To attempt to film in a single unbroken take is an ambitious move. Alfred Hitchock did this with his film Rope, and though it’s an impressive achievement, it’s not one of his great films. What works against the film from the start is that it has to entertain its audience from start to finish, and that’s a difficult enough task for films that have well over 1000 different shots. It’s a bold move, and it is what writer/director and camera operator Justin McConnell delivers us with his feature film Broken Mile. Just for a moment think about what he’s attempting: 80 minutes of filming hoping his actors deliver their lines and hit their marks, he has to hit his marks with the camera, and then while filming in the real world and not a stage, hope no one jumps in and ruins the shot. This is far from being a safe film to shoot, but it’s an attempt I can admire, and when I sat down with the film, believe me I was rooting for it.
When Shaun (Francesco Filice) wakes up, he’s face down in a tub of his own vomit. He’s a drug addict, and when he comes to he discovers his “girlfriend” is dead from what looks like an overdose. We stick with him as he panics and calls the police, but afraid of what can happen to him, he hangs up and calls his ex-girlfriend, Amy (Caleigh Le Grand). Things get complicated when we discover that the dead girl isn’t Shaun’s girlfriend, but instead the girlfriend of his best friend Kenny (Patrick McFadden). Sean bolts before Kenny can discover what has happened to his girlfriend, and this is what kicks off the film.
There is a lot of drama at the start of the film; it works. It fills us with questions to know and understand what is happening as well as pique our interest in the dynamic of the relationship of all these characters. Unfortunately, it doesn’t deliver.
Long car rides are the first of the film’s problems. When Shaun hops in the car to see Amy, we are stuck in the backseat as the driver just rambles on. Sure, it might feel genuine, but genuine doesn’t equal entertaining. Then we get the long take of Shaun going up the stairs to Amy’s apartment, I have no problem with long walking shots, but we see this same take with a variety of characters multiple times through the film.
The film then shifts gears as we then follow Amy as she is trying to work out what is going on with Shaun and why his friend is after him. This turns into more walking and more driving.
I understand the ambition of the project and shooting on a micro-budget, but there are points in this film where it goes a step beyond tedious. Granted the actress can’t help being stuck at red lights, and that is reality, but it sucks the tension out of a film, and it just can’t recover from these moments.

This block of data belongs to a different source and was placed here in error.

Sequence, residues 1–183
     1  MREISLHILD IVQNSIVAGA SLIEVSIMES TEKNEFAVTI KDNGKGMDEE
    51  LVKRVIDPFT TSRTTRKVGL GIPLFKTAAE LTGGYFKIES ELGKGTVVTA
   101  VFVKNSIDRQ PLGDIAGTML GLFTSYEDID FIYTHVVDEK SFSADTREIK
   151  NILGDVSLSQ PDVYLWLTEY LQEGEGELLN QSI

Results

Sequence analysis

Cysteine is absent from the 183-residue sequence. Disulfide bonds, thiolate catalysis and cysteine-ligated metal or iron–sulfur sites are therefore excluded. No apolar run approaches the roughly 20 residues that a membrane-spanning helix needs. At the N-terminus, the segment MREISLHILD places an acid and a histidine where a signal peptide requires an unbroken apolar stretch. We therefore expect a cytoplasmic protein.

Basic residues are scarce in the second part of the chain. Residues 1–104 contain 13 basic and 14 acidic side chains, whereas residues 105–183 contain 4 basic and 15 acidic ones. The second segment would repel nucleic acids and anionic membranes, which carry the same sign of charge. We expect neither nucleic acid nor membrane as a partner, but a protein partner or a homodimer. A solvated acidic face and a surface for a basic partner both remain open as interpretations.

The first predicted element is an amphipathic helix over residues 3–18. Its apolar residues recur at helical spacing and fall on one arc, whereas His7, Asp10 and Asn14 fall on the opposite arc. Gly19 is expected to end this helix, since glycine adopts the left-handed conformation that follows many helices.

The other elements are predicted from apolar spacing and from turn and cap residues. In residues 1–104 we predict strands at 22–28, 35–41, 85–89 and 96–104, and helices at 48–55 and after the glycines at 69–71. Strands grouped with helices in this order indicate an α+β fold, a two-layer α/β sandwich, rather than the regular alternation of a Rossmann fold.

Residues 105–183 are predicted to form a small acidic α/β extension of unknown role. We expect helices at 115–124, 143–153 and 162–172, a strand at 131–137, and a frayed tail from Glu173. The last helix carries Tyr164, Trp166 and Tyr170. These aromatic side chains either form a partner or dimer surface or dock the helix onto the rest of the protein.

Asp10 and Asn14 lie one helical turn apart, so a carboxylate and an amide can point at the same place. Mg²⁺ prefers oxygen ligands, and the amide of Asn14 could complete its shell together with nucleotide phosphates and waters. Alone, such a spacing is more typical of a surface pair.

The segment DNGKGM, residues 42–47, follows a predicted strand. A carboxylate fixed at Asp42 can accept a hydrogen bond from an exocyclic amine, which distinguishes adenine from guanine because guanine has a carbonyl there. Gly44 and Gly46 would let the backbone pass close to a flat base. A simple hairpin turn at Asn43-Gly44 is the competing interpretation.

When the cast is interacting and we get to see dialog exchanged as they move through the city, this is where the film shines, and it’s enjoyable, but it never managed to pull me back in.
There’s a really great moment with Amy and Shaun talking on the sidewalk as it starts to rain. I really dug this portion. The camera work was done well, and the scene felt genuine. I wish there was more of this, because it reflects how close this film got to being something special.
Unfortunately what turned me off from this film is in the final ten minutes when the story is wrapping up. I can appreciate the film is going for realism, but I just kind of stared at the screen watching as the credits passed feeling cheated. With such a strong and gritty start, the film limps into its credits, and I can’t help but feel disappointed, because we get so much buildup with a payoff that doesn’t hit the mark.
This is an experimental film, and what doesn’t work are some of the hangups that simply come with the territory. To cut down these driving sequences or long walking scenes would be against what the film was attempting to accomplish, but at the end of the day, the film’s job is to entertain. The acting works, and the camera work is impressive; these are the elements to appreciate. Film students will appreciate this, and what McConnell set out to do was ambitious and impressive, but it seems he unfortunately fell short this time.